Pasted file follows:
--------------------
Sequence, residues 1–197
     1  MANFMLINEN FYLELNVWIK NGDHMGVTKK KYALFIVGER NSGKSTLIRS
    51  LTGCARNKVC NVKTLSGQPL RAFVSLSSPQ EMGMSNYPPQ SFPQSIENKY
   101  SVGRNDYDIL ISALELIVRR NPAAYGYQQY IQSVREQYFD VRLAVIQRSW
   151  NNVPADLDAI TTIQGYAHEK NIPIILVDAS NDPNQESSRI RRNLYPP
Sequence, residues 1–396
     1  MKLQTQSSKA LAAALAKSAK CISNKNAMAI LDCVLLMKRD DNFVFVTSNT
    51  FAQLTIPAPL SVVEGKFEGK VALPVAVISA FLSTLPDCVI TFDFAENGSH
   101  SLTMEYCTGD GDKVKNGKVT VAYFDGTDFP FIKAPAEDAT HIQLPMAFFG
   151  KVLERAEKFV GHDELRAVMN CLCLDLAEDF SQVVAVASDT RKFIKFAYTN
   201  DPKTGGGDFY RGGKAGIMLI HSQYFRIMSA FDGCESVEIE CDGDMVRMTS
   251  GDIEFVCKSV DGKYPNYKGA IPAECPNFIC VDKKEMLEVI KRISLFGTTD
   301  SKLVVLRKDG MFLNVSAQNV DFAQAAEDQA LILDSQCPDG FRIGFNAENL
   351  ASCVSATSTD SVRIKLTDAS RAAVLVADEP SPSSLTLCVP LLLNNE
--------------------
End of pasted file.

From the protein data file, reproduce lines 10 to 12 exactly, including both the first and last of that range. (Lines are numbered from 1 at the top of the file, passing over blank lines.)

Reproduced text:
   151  KVLERAEKFV GHDELRAVMN CLCLDLAEDF SQVVAVASDT RKFIKFAYTN
   201  DPKTGGGDFY RGGKAGIMLI HSQYFRIMSA FDGCESVEIE CDGDMVRMTS
   251  GDIEFVCKSV DGKYPNYKGA IPAECPNFIC VDKKEMLEVI KRISLFGTTD